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Intriguing realities of coral reef degradation and the new baselines for conservation
Posted by NiyazAhmed on 17 Mar 2008 at 17:23 GMT
Imagine a medical microbiologist mutating into a coral-reef ecologist! This came true when I was recently handling these interlinked manuscripts at PLoS ONE (1, 2) and following an extremely exhaustive and rigorous peer-review!, more so than I have ever seen, I myself became deeply interested in the field of coral reef ecology!
It is now two weeks since these articles were published and an overwhelming interest of the community is already evident from many evaluations and blog posts apart from wide media coverage that these articles have elicited. Beyond this, I thought an 'outsider's perspective' on the 'PLoS coral reef package' is really needed. I am sure such a perspective as this (see below) will catalyze start of a discussion involving also the non-experts apart from the coral community members.
In the current scenario of colossal public attention to environmental problems and far-reaching consequences of related studies published in open-access journals, the science of coral reef ecology seems to have stratified into two major paradigms: A) coral reef degradation is the outcome of direct human impacts such as overfishing and development and conservation efforts therefore, should focus on these aspects and B) decline of corals is largely the result of global climate change and microbial 'pathogens' and conservation resources should focus on these issues. Obviously these are the two extremes which need to be balanced. The ‘PLoS coral-reef package’ [comprising of the paper of Sandin and colleagues (1) published together with another article in PLoS ONE (2) and an essay at PLoS Biology (3)] indeed denotes that the much-needed balancing act has just started.
The authors convey (1, 3) that coral reefs in remote areas with less human inhabitation support thriving of more fishes and commonly have healthier and bountiful corals than reefs in more populated areas. They suggest that local protection of reef trophic structure may be critical in their conservation (1). However, they also warn of the poor understanding that prevails about the natural reef trophic structure and community organization. Moreover, because the present day reefs are so deranged and altered, studying them to understand natural reef function may be like studying cattle ranches in the tropics to understand function of the tropical forests that were long replaced by the ranches.
Having said that, the authors stressed on the need for an understanding of how local bio-geo-climatic impacts in synergy with global change affect the structure, function, and resilience of a coral reef. Sandin et al in their paper (1) document the ecology of perhaps the most pristine reefs that exist, and highlight the gradient of various impacts occurring across the chain of islands with increasing human inhabitation. However, it appears that they chose to focus heavily on an interpretation in which fishing and development cause the decline in coral and altered fish community structure. Although the essay of Knowlton and Jackson (3) did not elaborate microbial causes of coral degradation, the issue was addressed separately (2) through metagenomics that revealed linkages between human inhabitation/activity and the incidence of unhealthy corals. The observed increase in the abundance of microbes in water columns studied, and assignment of such microbes to potential pathogenic groups as shown (2) are the indicators of a very real potential for coral reef degradation. The data generated in the form of metagenomes and viromes from sea microbial communities are in fact an invaluable resource.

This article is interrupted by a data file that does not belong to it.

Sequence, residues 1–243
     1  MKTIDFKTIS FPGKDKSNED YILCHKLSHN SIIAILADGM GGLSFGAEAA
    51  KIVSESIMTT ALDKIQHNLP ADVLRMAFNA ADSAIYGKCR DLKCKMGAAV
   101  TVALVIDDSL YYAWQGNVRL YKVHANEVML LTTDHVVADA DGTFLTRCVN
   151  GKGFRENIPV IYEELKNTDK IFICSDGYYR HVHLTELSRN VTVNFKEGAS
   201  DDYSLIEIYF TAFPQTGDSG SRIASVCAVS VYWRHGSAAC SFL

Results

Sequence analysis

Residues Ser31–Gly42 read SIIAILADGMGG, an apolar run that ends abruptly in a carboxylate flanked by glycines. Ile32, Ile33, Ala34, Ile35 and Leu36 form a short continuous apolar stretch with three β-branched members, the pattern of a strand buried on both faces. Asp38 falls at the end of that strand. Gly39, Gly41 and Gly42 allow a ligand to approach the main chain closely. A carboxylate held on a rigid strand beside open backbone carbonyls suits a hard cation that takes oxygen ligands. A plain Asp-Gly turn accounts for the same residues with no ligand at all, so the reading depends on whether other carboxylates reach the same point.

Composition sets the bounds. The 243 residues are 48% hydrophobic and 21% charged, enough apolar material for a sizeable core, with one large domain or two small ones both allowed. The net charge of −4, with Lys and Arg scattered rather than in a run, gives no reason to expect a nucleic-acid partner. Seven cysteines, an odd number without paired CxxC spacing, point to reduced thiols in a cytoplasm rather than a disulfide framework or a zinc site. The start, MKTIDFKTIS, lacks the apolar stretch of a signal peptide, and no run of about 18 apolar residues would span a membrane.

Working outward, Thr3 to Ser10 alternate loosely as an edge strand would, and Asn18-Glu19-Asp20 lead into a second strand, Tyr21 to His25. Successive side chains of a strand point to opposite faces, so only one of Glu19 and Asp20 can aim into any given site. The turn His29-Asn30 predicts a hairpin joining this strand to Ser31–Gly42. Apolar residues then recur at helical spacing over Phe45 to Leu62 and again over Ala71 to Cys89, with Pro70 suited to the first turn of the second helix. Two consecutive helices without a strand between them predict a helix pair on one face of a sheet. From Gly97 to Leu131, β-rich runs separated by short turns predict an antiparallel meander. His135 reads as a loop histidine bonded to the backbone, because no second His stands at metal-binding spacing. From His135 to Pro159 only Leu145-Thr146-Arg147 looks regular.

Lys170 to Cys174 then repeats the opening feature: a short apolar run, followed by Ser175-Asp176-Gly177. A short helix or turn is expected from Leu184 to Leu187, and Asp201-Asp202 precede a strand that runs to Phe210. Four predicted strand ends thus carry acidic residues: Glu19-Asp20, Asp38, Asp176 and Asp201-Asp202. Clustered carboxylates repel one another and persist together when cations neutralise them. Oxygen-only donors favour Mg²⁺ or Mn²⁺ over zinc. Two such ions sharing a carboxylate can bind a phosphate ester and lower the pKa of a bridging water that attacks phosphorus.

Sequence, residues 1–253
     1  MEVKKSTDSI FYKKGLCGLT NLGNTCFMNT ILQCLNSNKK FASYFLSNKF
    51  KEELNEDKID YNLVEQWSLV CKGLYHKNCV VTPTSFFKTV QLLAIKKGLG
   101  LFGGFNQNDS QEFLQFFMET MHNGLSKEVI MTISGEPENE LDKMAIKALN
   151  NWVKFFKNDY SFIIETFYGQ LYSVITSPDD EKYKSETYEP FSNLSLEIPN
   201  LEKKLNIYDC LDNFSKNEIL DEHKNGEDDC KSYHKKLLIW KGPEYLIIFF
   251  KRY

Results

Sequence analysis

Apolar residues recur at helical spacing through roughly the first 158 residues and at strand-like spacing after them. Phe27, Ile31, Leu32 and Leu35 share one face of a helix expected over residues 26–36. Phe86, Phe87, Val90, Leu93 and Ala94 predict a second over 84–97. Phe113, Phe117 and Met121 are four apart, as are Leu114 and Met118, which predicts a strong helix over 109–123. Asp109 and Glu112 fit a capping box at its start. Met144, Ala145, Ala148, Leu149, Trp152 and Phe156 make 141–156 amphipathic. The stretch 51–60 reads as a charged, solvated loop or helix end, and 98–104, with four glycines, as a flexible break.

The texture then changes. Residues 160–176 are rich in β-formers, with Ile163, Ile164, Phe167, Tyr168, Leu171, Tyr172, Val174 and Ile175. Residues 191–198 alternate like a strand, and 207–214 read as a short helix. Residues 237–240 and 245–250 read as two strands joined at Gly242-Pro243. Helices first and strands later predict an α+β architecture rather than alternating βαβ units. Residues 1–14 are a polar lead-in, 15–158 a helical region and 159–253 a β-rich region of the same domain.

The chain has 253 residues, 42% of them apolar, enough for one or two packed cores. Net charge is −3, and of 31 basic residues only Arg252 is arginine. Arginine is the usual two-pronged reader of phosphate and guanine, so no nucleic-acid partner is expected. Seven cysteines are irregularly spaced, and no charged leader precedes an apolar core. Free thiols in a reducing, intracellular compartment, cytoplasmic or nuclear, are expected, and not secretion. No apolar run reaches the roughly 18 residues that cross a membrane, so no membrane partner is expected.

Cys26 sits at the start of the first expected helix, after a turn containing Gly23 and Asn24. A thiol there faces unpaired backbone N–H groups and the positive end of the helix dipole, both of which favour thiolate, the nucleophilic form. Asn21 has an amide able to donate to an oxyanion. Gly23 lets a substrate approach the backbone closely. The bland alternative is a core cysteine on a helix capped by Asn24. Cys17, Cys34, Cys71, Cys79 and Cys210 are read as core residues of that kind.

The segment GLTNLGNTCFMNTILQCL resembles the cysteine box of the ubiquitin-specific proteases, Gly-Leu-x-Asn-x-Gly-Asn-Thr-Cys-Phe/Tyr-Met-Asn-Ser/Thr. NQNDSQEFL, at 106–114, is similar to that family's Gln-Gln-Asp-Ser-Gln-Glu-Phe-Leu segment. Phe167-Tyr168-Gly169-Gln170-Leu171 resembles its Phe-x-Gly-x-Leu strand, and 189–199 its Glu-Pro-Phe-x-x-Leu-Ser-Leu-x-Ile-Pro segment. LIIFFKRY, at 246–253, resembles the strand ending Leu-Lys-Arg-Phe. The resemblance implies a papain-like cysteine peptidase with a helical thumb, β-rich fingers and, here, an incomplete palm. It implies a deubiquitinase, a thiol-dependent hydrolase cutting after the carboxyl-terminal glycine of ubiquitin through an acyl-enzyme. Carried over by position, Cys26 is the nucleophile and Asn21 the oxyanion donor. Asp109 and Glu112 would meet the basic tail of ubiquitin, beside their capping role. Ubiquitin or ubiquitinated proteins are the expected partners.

While it is satisfying that praises of these papers clearly outweigh the objections, there exist notable criticisms of the interpretations made out of correlative studies rather than experimental. But thanks to this fact that correlational studies are often the only option when trying to collate bio-geo-climatic patterns. Another criticism could be made of the choice to refer to sets of organisms as 'opportunistic pathogens'; it should not be taken to mean that these organisms are classical pathogens themselves. For example, saprophytic mycobacteria despite their having highly conserved genomic overlaps with major dreaded forms (M. tuberculosis and M. leprae), do not represent seasoned pathogens. The issue behind this difficulty is the rampant genomic fluidity expressing as phenotypic versatility of the microbial players. Finally, this 'coral-reef package' (1, 2, 3) is a big leap towards the general understanding of the biology and ecology of reef degradation and their prospective conservation. I believe these efforts (1, 2, 3), although not an ultimate decree on the coral reef ecology should nonetheless serve as an important foundation for future studies.
1) Sandin SA, Smith JE, Demartini EE, Dinsdale EA, Donner SD, Friedlander AM, Konotchick T, Malay M, Maragos JE, Obura D, Pantos O, Paulay G, Richie M, Rohwer F, Schroeder RE, Walsh S, Jackson JB, Knowlton N, Sala E (2008). Baselines and degradation of coral reefs in the northern line islands. PLoS ONE 3:e1548.
2) Dinsdale EA, Pantos O, Smriga S, Edwards RA, Angly F, Wegley L, Hatay M, Hall D, Brown E, Haynes M, Krause L, Sala E, Sandin SA, Thurber RV, Willis BL, Azam F, Knowlton N, Rohwer F (2008). Microbial ecology of four coral atolls in the northern line islands. PLoS ONE 3:e1584.
3) Knowlton N, Jackson JBC (2008). Shifting Baselines, Local Impacts, and Global Change on Coral Reefs. PLoS Biology 6: e54.